It looks evident that you are very keen on the figurative field. Is it like a current painting series that you aim to concentrate on this period or more abstract images and motifs interest you as well?

I don’t see figuration and abstraction as two opposing styles. They are both heterogeneous and interpenetrating. I am more concerned with is the “intermediate state” of the image. In other words, I intentionally allow the images to retain a certain figurative quality, which is a way of manipulating emotions; they are more “viewer- friendly” and accessible. The actual self-reflexive quality of the work is inherently embedded in the world of games and the internet. Different “places” and information are intertwined, replete with ambiguity and paradox between the real and the imaginary.

Is there any particular theme that utterly triggers you to engage your art with?

That you’re going to somewhere specific and that doesn’t seem like a very interesting map for me, i don’t want to feel like I’m going anywhere very specific.I have a bewildering wish, while I sense that reality has lost its sense of history and depth. Everything likes a stacked browser window on a computer and put on the same plane. What makes the familiar strange? What makes the unfamiliar familiar? This naturally leads to the communication of one’s feelings through consumer culture, and the bodily and quotidian life, spectacle performance, and other cultural phenomena enter my vision. I also try to find the poetic in the contemporary life scene.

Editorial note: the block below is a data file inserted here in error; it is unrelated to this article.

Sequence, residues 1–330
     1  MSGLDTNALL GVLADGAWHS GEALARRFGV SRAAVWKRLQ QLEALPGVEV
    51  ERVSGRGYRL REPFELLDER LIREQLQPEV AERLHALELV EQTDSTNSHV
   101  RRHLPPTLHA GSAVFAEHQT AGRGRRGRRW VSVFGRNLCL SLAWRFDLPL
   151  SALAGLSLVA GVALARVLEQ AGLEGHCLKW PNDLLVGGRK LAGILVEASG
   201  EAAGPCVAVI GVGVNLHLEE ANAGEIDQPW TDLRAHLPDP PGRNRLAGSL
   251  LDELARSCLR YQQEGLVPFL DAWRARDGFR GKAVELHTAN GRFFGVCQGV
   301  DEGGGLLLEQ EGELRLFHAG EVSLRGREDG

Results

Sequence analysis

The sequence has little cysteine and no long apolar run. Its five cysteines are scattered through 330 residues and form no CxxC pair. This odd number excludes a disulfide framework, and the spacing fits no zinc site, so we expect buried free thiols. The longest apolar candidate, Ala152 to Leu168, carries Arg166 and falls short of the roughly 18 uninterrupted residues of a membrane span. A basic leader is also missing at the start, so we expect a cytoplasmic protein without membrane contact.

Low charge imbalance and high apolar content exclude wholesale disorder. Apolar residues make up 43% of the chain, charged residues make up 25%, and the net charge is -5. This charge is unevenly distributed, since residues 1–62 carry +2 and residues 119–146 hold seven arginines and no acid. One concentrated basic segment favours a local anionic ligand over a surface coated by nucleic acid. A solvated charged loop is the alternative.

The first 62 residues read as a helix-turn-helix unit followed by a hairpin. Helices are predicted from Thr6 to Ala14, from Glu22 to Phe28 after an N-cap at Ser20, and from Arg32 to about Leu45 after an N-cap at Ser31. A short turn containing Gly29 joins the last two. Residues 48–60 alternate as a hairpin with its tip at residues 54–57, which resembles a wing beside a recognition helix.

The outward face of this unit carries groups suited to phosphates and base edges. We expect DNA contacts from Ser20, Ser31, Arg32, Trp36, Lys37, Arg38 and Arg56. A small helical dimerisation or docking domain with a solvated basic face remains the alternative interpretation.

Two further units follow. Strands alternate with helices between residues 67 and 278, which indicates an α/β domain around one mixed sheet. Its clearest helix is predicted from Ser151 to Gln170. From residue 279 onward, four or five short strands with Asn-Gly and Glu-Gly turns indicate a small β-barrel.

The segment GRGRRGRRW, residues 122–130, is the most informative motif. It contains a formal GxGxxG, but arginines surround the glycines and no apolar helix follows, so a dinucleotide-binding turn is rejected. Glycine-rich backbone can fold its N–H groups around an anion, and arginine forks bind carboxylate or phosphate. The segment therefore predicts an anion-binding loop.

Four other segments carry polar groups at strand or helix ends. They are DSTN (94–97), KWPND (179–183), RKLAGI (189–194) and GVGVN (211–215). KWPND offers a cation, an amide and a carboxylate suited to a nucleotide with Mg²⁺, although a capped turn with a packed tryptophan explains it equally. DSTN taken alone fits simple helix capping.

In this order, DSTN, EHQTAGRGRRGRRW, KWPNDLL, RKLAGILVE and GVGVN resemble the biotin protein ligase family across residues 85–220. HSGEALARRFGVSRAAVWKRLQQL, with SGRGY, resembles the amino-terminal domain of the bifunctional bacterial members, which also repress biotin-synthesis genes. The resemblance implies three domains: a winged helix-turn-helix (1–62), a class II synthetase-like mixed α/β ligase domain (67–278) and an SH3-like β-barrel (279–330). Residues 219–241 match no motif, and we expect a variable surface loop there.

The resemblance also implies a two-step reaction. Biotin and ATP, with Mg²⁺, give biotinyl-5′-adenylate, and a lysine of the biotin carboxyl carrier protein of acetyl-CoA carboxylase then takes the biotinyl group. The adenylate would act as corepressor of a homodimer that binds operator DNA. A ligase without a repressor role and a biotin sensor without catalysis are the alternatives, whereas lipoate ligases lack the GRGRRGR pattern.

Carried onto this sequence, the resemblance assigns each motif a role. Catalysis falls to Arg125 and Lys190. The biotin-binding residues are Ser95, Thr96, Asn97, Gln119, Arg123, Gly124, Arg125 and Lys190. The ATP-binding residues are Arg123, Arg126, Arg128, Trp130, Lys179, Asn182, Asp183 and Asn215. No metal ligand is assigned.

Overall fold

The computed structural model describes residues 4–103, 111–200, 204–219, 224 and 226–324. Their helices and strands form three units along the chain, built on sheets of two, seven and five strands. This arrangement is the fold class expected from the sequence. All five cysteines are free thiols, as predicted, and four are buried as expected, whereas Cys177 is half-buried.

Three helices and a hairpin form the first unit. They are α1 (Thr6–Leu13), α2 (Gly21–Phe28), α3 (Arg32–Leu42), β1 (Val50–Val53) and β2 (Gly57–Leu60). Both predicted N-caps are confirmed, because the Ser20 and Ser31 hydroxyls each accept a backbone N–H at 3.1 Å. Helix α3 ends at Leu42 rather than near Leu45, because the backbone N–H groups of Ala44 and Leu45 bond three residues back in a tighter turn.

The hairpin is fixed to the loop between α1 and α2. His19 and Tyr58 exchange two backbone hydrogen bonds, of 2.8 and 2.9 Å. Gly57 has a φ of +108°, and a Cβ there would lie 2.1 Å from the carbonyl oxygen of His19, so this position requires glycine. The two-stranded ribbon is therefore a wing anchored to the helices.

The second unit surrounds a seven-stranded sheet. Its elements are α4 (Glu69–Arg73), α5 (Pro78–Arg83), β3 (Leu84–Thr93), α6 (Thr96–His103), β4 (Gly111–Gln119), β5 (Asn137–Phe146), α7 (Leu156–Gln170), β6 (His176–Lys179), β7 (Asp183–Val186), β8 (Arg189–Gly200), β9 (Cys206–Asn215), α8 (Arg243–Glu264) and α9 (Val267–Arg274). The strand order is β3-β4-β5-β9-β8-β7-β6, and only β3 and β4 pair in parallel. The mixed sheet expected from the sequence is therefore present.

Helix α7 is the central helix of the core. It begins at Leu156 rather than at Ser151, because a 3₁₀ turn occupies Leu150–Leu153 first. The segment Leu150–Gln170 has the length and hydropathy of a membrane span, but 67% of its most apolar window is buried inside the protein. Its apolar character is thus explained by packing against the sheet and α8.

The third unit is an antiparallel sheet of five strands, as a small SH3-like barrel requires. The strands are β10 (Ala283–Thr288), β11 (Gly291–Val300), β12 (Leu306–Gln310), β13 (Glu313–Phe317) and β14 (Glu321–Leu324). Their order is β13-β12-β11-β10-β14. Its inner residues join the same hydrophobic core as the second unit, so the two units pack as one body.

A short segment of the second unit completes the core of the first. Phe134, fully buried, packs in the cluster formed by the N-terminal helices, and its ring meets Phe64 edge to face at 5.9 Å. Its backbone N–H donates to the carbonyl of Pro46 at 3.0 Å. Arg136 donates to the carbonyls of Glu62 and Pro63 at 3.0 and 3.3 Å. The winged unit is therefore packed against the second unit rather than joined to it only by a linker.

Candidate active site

What would be the best way to exhibit your work?

I hope the works embody a logic of suspension, a state of equilibrium that properly belongs to the present, which corresponds to the pulling and tugging of the canvas, generating an intense state of perceptual suspension. It implies a state of intense concentration, which describes and symbolizes the transient instability associated with stillness. The works aim to reconstitute a “scene” that generates a counterbalance to themselves, making the objects of the work that intervene in the “place” and mutate in the performance.

Can you mention any artists you, lately or generally, take inspiration from?